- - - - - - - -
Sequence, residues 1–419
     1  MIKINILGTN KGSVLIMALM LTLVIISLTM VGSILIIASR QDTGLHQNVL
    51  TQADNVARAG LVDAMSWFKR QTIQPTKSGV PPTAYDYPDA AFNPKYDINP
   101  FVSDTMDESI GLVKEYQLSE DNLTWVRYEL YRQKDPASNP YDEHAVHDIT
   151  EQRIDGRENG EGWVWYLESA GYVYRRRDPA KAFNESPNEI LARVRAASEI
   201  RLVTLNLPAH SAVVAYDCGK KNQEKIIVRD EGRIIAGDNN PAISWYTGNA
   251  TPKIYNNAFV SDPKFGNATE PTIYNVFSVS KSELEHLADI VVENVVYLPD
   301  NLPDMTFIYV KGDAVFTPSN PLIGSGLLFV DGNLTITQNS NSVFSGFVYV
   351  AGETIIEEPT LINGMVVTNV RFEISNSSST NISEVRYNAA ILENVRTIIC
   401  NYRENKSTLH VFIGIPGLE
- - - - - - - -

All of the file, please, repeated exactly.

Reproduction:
Sequence, residues 1–419
     1  MIKINILGTN KGSVLIMALM LTLVIISLTM VGSILIIASR QDTGLHQNVL
    51  TQADNVARAG LVDAMSWFKR QTIQPTKSGV PPTAYDYPDA AFNPKYDINP
   101  FVSDTMDESI GLVKEYQLSE DNLTWVRYEL YRQKDPASNP YDEHAVHDIT
   151  EQRIDGRENG EGWVWYLESA GYVYRRRDPA KAFNESPNEI LARVRAASEI
   201  RLVTLNLPAH SAVVAYDCGK KNQEKIIVRD EGRIIAGDNN PAISWYTGNA
   251  TPKIYNNAFV SDPKFGNATE PTIYNVFSVS KSELEHLADI VVENVVYLPD
   301  NLPDMTFIYV KGDAVFTPSN PLIGSGLLFV DGNLTITQNS NSVFSGFVYV
   351  AGETIIEEPT LINGMVVTNV RFEISNSSST NISEVRYNAA ILENVRTIIC
   401  NYRENKSTLH VFIGIPGLE